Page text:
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I have to write a program to solve quadratics, returning a complex number result.

I've gotten so far, with defining a complex number, declaring it to be part of num, so +,- and * - ing can take place.

I've also defined a data type for a quadratic equation, but im now stuck with the actual solving of the quadratic. My math is quite poor, so any help would be greatly appreciated...

data Complex = C {
re :: Float,
im :: Float
} deriving Eq

-- Display complex numbers in the normal way

instance Show Complex where
    show (C r i)
    	| i == 0			= show r
    	| r == 0			= show i++"i"
    	| r < 0 && i < 0	= show r ++ " - "++ show (C 0 (i*(-1)))
    	| r < 0 && i > 0	= show r ++ " + "++ show (C 0 i)
    	| r > 0 && i < 0	= show r ++ " - "++ show (C 0 (i*(-1)))
    	| r > 0 && i > 0	= show r ++ " + "++ show (C 0 i)


-- Define algebraic operations on complex numbers
instance Num Complex where
    fromInteger n		= C (fromInteger n) 0 -- tech reasons
    (C a b) + (C x y)	= C (a+x) (b+y)
    (C a b) * (C x y)	= C (a*x - b*y) (b*x + b*y)
    negate (C a b)		= C (-a) (-b)

instance Fractional Complex where
    fromRational r		= C (fromRational r) 0 -- tech reasons
    recip (C a b)		= C (a/((a^2)+(b^2))) (b/((a^2)+(b^2)))


root :: Complex -> Complex
root (C x y)
    | y == 0 && x == 0	= C 0 0
    | y == 0 && x > 0	= C (sqrt ( ( x + sqrt ( (x^2) + 0 ) ) / 2 ) )  0
    | otherwise			= C (sqrt ( ( x + sqrt ( (x^2) + (y^2) ) ) / 2 ) ) ((y/(2*(sqrt ( ( x + sqrt ( (x^2) + (y^2) ) ) / 2 ) ) ) ) )


-- quadratic polynomial : a.x^2 + b.x + c
data Quad = Q {
    aCoeff, bCoeff, cCoeff :: Complex
    } deriving Eq


instance Show Quad where
    show (Q a b c) = show a ++ "x^2 + " ++ show b ++ "x + " ++ show c

solve :: Quad -> (Complex, Complex)
solve (Q a b c) = STUCK!

EDIT: I seem to have missed out the whole point of using my own complex number datatype is to learn about custom datatypes. I'm well aware that i could use complex.data. Any help that could be given using my solution so far would be greatly appreciated.\

EDIT 2: It seems that my initial question was worded horribly. I'm aware that the quadratic formula will return both (or just the one) root to me. Where I am having trouble is returning these roots as a (complex, complex) tuple with the code above.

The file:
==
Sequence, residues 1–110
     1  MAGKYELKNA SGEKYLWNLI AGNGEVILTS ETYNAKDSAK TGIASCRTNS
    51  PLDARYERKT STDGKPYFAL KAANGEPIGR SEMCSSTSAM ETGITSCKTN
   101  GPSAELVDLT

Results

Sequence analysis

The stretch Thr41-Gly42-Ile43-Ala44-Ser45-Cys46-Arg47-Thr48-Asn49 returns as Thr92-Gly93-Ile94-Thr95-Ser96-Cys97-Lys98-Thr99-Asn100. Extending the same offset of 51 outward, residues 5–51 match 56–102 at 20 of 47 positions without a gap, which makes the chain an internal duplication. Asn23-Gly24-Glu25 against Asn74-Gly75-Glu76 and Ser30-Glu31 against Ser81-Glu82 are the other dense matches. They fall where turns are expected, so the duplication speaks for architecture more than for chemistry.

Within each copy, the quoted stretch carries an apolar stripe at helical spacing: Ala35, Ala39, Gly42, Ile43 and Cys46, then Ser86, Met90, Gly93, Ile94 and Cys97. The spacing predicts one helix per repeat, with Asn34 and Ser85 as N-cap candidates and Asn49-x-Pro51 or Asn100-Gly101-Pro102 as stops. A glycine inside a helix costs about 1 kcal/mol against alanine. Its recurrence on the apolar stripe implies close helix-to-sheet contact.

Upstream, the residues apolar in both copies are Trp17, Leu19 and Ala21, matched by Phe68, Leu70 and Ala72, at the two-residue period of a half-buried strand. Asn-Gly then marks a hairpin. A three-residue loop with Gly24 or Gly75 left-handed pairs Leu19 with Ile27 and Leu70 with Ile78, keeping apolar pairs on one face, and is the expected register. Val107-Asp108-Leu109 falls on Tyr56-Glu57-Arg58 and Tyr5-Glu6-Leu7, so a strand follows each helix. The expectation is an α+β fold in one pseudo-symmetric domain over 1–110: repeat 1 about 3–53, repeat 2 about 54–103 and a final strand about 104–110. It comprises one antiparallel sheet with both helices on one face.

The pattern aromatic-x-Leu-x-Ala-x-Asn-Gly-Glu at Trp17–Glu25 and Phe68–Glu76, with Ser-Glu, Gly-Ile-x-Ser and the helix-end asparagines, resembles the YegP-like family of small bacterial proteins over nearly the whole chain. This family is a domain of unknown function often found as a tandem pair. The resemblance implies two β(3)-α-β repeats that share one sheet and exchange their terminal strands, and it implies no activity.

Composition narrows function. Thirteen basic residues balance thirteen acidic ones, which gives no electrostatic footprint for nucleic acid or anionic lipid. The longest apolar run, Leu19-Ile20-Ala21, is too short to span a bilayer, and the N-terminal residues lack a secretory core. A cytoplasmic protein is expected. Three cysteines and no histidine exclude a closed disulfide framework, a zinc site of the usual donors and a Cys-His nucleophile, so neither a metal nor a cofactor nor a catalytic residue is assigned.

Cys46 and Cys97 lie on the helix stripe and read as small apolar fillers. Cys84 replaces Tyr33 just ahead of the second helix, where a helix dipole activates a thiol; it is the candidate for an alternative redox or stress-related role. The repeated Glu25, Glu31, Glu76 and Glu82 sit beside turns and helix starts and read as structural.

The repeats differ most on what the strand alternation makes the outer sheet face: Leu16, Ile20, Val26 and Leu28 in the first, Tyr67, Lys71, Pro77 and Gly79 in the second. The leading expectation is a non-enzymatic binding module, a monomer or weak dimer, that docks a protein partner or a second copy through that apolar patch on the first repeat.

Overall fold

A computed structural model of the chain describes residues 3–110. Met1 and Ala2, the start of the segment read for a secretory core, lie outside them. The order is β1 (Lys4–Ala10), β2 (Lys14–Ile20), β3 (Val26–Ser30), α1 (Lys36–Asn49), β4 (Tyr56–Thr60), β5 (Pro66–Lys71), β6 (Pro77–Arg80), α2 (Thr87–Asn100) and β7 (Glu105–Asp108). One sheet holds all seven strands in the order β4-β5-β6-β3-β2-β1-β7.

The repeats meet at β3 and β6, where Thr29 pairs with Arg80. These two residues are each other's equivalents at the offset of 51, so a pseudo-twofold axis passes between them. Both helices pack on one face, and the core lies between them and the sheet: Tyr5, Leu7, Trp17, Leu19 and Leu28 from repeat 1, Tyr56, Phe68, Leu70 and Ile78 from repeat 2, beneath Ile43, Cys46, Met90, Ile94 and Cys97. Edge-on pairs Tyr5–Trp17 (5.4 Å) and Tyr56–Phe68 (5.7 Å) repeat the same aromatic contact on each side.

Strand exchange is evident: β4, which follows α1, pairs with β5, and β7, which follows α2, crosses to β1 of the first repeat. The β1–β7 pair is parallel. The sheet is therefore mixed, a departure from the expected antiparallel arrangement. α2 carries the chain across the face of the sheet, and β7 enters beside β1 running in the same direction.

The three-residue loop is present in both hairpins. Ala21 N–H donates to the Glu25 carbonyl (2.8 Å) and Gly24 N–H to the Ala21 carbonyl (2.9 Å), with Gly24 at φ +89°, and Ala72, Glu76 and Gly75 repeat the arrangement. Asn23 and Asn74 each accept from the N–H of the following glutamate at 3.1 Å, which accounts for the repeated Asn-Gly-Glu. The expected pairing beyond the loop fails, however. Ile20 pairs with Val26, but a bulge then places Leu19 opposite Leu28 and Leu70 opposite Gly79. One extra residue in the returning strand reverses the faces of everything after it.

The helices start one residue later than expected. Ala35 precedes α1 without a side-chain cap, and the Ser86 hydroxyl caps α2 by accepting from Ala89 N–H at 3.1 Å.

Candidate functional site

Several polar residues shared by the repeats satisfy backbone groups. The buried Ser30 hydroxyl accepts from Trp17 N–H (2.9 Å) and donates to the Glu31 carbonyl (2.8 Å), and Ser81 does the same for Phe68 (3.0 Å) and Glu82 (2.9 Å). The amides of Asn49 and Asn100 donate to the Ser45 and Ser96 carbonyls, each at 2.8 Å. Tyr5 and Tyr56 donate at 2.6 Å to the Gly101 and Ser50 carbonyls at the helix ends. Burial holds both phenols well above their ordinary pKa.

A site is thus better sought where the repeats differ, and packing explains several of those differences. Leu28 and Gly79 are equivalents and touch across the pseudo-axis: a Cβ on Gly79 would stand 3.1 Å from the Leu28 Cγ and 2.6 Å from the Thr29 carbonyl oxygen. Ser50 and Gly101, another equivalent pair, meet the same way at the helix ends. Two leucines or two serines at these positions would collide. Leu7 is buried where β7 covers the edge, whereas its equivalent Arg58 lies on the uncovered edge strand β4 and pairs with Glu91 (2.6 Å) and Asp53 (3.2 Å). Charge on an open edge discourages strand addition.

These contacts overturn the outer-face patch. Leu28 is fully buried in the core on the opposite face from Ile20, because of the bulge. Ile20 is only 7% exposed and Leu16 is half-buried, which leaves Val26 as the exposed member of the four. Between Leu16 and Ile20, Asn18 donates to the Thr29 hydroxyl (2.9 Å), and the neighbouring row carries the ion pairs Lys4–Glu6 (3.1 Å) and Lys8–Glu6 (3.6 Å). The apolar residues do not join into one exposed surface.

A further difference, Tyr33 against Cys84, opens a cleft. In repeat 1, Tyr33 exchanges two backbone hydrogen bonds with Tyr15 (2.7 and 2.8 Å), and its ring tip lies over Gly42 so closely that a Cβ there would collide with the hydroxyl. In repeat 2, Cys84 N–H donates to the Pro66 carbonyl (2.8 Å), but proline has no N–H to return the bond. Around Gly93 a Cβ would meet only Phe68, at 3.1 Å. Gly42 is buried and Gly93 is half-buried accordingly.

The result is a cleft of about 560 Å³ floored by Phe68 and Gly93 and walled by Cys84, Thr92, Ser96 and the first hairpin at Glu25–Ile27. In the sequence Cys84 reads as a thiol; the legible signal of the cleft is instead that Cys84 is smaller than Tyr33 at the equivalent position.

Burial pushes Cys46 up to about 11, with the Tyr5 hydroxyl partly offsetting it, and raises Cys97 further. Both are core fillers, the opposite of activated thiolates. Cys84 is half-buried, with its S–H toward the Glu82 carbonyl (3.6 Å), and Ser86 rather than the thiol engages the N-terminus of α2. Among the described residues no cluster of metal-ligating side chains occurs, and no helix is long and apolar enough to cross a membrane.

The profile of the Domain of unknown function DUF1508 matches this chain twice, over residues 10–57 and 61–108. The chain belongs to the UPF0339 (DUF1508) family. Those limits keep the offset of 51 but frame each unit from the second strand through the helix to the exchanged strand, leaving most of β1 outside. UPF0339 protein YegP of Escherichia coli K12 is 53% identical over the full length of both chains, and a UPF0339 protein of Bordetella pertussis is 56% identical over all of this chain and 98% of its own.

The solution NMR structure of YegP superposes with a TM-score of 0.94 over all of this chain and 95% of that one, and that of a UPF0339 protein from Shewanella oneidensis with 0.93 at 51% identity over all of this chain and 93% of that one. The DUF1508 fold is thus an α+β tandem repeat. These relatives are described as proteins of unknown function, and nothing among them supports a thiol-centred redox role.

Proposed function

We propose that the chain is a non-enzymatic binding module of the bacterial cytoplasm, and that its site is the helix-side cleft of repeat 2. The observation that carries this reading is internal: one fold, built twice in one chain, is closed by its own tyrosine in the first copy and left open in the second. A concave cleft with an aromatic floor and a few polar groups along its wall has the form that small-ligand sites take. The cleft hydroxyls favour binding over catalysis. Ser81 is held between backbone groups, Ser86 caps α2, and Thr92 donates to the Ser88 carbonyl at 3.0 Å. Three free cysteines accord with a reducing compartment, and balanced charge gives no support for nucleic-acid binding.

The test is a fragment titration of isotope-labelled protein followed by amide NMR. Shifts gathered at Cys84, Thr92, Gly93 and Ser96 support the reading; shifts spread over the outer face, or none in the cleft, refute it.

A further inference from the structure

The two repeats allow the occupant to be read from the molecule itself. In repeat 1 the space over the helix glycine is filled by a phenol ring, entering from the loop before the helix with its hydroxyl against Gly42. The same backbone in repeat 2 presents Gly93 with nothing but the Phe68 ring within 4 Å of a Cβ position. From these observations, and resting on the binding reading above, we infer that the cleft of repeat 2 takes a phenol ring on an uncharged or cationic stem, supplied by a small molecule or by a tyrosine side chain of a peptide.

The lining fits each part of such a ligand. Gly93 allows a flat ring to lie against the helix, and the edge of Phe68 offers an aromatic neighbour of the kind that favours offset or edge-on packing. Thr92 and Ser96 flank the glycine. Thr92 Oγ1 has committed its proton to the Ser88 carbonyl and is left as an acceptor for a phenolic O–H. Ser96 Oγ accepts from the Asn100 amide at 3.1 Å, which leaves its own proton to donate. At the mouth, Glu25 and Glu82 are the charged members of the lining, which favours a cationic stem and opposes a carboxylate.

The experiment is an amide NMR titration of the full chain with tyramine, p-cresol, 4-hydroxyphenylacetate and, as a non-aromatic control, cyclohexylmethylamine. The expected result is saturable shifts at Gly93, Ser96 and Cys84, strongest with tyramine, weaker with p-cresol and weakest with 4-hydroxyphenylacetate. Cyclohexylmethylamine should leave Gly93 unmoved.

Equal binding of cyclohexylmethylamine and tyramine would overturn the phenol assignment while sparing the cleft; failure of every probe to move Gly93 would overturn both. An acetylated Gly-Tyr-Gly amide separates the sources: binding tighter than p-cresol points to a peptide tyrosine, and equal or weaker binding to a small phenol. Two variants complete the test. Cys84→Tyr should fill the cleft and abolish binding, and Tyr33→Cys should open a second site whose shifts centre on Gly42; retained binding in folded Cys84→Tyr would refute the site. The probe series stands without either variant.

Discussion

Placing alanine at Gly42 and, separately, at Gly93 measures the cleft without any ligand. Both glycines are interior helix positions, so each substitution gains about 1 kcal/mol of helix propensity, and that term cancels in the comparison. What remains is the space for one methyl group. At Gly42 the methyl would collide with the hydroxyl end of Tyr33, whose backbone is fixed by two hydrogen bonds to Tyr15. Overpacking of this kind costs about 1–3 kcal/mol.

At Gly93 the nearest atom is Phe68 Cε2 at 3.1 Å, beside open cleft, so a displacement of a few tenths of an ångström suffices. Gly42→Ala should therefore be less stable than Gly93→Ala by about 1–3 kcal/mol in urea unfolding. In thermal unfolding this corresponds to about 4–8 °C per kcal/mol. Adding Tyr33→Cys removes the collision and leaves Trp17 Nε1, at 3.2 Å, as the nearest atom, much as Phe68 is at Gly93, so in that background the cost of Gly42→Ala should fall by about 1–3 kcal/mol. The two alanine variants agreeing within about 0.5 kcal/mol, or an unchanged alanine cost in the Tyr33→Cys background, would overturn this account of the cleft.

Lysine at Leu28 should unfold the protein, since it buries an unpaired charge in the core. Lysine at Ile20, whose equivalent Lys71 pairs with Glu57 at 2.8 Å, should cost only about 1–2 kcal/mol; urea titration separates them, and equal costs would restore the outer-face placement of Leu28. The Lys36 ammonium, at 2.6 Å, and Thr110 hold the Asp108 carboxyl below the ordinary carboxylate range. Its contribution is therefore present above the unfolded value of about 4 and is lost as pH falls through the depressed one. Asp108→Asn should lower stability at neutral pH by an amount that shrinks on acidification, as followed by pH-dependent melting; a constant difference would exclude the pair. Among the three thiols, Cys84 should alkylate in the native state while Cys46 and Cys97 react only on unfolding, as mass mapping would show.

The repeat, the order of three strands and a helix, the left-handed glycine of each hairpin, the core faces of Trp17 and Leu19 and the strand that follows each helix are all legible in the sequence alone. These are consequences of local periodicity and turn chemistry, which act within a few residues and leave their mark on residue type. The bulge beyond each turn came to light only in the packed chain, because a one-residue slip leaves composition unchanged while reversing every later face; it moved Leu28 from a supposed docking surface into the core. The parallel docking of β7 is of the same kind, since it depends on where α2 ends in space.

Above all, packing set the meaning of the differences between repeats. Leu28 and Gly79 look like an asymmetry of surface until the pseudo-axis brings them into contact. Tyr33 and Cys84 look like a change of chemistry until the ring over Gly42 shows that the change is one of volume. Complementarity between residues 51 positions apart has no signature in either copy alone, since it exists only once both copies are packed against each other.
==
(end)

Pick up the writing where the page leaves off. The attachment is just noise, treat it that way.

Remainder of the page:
I'm well aware that I could use the built in quadratic functions as have been displayed below, but this is not the exercise. The idea behind the exercise, and creating ones own complex number data type, is to learn about custom data types.

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3  
you can use Complex from Data.Complex –  yairchu Aug 3 '09 at 19:35
    
I could, but we were told to define our own complex data types. The bit i'm having trouble with is converting the real form quadratic polynomial : a.x^2 + b.x + c into complex numbers. –  Thomas Aug 3 '09 at 19:45
    
it's the same. you have all the operations necessary, just use the same formula. (-b +/- (sqrt (bb-4ac))/2a ... –  nlucaroni Aug 3 '09 at 19:51
    
ok, but how do I go about getting it to return as a (complex, complex) tuple? –  Thomas Aug 3 '09 at 20:04
    
don't. Return a list - since there may be only a unique root. –  rampion Aug 3 '09 at 20:15
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3 Answers 3

up vote 6 down vote accepted

Like newacct said, it's just the quadratic equation:

(-b +- sqrt(b^2 - 4ac)) / 2a
module QuadraticSolver where

import Data.Complex
data Quadratic a = Quadratic a a a deriving (Show, Eq)

roots :: (RealFloat a) => Quadratic a -> [ Complex a ]
roots (Quadratic a b c) = 
  if discriminant == 0 
  then [ numer / denom ]
  else [ (numer + root_discriminant) / denom,
         (numer - root_discriminant) / denom ]
  where discriminant = (b*b - 4*a*c)
        root_discriminant = if (discriminant < 0) 
                            then 0 :+ (sqrt $ -discriminant)
                            else (sqrt discriminant) :+ 0
        denom = 2*a :+ 0
        numer = (negate b) :+ 0

in practice:

ghci> :l QuadraticSolver
Ok, modules loaded: QuadraticSolver.
ghci> roots (Quadratic 1 2 1)
[(-1.0) :+ 0.0]
ghci> roots (Quadratic 1 0 1)
[0.0 :+ 1.0,(-0.0) :+ (-1.0)]

And adapting to use your terms:

solve :: Quad -> (Complex, Complex)
solve (Q a b c) = ( sol (+), sol (-) )
  where sol op = (op (negate b) $ root $ b*b - 4*a*c) / (2 * a)

Although I haven't tested that code

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It works when there are real roots, thanks. "solve (Q 1 2 1)" produces "(-1.0,-1.0)" and "solve (Q 1 2 0)" produces "(0.0,-2.0)". Doens't solve non-real roots though. I will post a separate question on this though. "solve (Q 1 2 2)" causes this error ( Program error: pattern match failure: v1618_v1655 (C -1.#IND -1.#IND) –  Thomas Aug 4 '09 at 10:01
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Since Haskell's sqrt can also handle complex numbers, rampion's solution can even be further simplified:

import Data.Complex

-- roots for quadratic equations with complex coefficients
croots :: (RealFloat a) =>
          (Complex a) -> (Complex a) -> (Complex a) -> [Complex a]
croots a b c
      | disc == 0 = [solution (+)]
      | otherwise = [solution (+), solution (-)]
   where disc = b*b - 4*a*c
         solution plmi = plmi (-b) (sqrt disc) / (2*a)

-- roots for quadratic equations with real coefficients
roots :: (RealFloat a) => a -> a -> a -> [Complex a]
roots a b c = croots (a :+ 0) (b :+ 0) (c :+ 0)

You can also use this croots function with your own datatype, if you change the types to fit your implementation (and call your root function instead of sqrt).

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+1: comprehensive & elegant –  rampion Aug 4 '09 at 1:25
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